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Issue Date:  November 16, 2007

Sign says, 'No trespassing' at the border, 'Help wanted' at the workplace


One of the most difficult issues for U.S. politicians, and especially presidential candidates, to face nowadays is that of immigration reform. One common estimate is that there are at least 12 million immigrants who are in the United States illegally, without proper documentation. Those on the conservative side of the political spectrum tend to favor stronger enforcement. The more extreme among them believe that a longer and higher wall is the answer, while others believe that the 12 million must somehow be rounded up and deported. They do not say how this can be done.

-- CNS/Eastern Oklahoma Catholic/David Crenshaw

Eva Esquivel prays during a special Mass dedicated to immigrants at St. Francis Xavier Church in Tulsa, Okla., Oct. 31. The Mass was celebrated on the eve of the implementation of a new state law that imposes penalties on those who provide assistance to illegal immigrants.

Those on the liberal and/or moderate side of the political spectrum express their appreciation for the contributions of immigrants, both those who entered the country legally and those who did not. The politicians among them propose some form of legal accommodation, involving stiff penalties for the latter group, but not deportation. Those on the right dismiss this as “amnesty.”

The leading presidential candidate for the Democratic nomination, Sen. Hillary Rodham Clinton of New York, found herself caught in the middle at the end of the debate telecast late last month from Drexel University in Philadelphia.

She was accused of giving two different answers to questions about New York Gov. Eliot Spitzer’s proposal that undocumented immigrants be given driver’s licenses. Talk show conservatives had a field day excoriating her debate performance as a “debacle.” Sen. Clinton later clarified her position as favorable to the plan.

This column, however, is not interested in the political dimensions of the issue, regardless of their importance. Immigration is also a moral problem, which Cardinal Roger Mahony of Los Angeles and others have pointed out. In early October at an immigration forum sponsored by the University of Notre Dame, Cardinal Mahony insisted that the church has to speak out on the immigration issue because of the Gospel mandate, with strong roots in the Old Testament, to welcome the stranger (Matthew 25: 31-46).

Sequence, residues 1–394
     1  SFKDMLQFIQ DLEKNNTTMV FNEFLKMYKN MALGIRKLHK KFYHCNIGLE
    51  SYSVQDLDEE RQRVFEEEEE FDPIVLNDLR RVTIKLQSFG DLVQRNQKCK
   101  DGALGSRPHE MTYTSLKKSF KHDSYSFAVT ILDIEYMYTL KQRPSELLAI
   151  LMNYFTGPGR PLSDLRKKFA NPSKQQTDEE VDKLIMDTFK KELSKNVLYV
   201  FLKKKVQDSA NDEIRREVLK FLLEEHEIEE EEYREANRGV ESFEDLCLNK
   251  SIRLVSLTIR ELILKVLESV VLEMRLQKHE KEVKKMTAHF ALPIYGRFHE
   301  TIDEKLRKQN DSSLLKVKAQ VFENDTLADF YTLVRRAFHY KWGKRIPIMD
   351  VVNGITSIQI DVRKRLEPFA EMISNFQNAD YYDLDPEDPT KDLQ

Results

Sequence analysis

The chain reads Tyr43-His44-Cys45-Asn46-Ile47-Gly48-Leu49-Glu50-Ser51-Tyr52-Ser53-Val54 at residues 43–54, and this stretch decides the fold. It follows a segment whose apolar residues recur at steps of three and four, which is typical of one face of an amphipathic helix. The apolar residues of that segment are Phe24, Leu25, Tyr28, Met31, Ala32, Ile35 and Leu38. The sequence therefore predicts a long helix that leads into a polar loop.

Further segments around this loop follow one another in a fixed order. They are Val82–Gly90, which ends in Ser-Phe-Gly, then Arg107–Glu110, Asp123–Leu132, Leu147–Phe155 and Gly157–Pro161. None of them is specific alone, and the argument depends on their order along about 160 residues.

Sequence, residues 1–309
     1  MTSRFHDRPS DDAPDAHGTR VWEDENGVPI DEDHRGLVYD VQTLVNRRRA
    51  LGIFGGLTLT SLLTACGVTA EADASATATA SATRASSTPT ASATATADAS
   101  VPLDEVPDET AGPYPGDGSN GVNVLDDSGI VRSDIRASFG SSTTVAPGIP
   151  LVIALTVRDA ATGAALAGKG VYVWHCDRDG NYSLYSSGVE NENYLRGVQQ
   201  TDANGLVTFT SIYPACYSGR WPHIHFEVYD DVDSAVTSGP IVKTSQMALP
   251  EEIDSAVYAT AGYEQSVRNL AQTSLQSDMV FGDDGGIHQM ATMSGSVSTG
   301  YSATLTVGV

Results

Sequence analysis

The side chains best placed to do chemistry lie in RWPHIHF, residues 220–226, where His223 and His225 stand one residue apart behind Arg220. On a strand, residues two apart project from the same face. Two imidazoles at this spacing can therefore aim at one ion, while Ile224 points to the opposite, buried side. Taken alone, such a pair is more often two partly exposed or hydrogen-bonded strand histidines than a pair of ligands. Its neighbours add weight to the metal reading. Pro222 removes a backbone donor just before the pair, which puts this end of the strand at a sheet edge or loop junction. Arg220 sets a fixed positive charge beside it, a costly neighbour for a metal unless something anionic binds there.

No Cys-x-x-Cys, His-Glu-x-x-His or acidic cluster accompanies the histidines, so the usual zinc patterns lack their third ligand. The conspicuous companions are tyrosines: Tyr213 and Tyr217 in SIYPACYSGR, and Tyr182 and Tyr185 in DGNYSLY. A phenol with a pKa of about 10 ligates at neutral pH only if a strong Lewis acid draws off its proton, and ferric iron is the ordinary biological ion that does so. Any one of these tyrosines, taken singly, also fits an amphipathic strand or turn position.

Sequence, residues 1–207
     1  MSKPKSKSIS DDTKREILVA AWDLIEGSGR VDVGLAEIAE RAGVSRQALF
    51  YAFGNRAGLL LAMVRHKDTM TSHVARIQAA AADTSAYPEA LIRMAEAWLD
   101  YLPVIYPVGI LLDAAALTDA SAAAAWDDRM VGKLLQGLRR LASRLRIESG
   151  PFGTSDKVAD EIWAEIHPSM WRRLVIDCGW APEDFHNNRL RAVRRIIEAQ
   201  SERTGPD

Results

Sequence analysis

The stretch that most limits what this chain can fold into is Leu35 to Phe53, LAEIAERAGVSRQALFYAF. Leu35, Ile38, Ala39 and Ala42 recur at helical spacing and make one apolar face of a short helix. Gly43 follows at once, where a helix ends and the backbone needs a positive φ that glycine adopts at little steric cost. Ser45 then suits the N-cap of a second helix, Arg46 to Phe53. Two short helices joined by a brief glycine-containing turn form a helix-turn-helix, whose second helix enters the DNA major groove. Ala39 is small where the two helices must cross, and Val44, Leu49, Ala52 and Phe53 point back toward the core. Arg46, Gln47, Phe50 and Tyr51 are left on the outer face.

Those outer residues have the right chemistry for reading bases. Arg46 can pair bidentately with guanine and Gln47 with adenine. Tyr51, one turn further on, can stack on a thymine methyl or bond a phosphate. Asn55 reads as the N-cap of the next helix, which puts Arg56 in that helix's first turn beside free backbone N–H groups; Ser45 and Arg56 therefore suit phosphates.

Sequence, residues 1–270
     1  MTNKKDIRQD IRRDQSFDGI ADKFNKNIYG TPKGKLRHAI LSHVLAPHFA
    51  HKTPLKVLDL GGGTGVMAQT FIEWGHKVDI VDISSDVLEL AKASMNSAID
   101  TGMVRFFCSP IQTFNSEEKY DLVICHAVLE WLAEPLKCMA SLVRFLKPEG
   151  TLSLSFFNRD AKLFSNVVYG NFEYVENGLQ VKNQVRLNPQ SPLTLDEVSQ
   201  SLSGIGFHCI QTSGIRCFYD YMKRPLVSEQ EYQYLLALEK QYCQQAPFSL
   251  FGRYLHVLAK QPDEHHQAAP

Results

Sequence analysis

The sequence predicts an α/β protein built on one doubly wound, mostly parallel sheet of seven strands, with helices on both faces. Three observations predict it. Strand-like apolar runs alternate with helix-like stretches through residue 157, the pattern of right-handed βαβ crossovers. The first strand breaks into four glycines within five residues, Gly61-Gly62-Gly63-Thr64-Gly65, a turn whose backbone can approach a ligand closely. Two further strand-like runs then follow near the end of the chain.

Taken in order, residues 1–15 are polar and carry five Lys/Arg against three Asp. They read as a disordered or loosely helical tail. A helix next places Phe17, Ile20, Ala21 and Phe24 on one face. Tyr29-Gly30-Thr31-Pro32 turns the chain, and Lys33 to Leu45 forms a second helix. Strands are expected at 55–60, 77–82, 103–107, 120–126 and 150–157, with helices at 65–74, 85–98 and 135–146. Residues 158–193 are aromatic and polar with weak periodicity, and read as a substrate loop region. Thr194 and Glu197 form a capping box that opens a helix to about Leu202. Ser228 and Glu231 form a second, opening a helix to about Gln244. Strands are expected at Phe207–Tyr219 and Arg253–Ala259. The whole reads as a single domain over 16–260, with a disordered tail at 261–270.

“To the church,” he said at Notre Dame, “the immigration issue is primarily a humanitarian one. Because it impacts the well-being of millions of human beings, it has moral implications and must be viewed through a moral lens.”

The overwhelming majority of those who cross the nation’s borders illegally do so, he said, because they “simply want to work, and they work hard and contribute to the American economy.”

The problem, he believes, is systemic. U.S. immigration laws are outmoded. The country admits too few immigrants each year and then employs an enforcement-only approach to the problem, “which has failed and led to more human suffering.”

“As a result of this outmoded system,” the cardinal continued, “migrants desperate to survive and support their families are compelled to enter the country illegally and, because of their undocumented status, become subject to abuse, exploitation and even death in the desert.”

“In short,” he pointed out, “our national immigration policies are not consistent but contradictory. While we post a no trespassing sign at our border, we erect a help wanted sign at the workplace.”

“In considering the penalty for unlawful migration,” Cardinal Mahony continued, “we also must consider whether the law that has been broken is itself a just one. ... I would argue that our current immigration laws are unjust.”

The cardinal supports -- and urged Notre Dame students to support -- a bill sponsored by Sen. Richard Durbin of Illinois. It is known as the DREAM Act (Development, Relief and Education for Alien Minors), which would permit young persons who are foreign-born, without legal status and who have lived in the United States for at least five years, to adjust their status and eventually become citizens.

“This is not amnesty,” Cardinal Mahony declared, “because the young persons who would qualify came to this country with their parents at a younger age and are without legal status through no fault of their own.”

Needless to say, the cardinal is not popular with those who favor a punitive approach to the problem. But you do not have to be politically right-wing to have legitimate concerns about the importance of law and the protection of the nation’s borders.

Unfortunately, there are extremists on both sides. Those on the left are sometimes quick to chastise fellow liberals and moderates who express such concerns, lumping them together with far-right elements whose views do, in fact, resemble those of the old nativist types responsible for such window signs as “No Irish need apply.”

We should be able to work together rather than snipe contemptuously at our natural allies, especially within the church. I suspect that Cardinal Mahony would agree.

Fr. Richard McBrien is the Crowley-O’Brien Professor of Theology at the University of Notre Dame.

National Catholic Reporter, November 16, 2007

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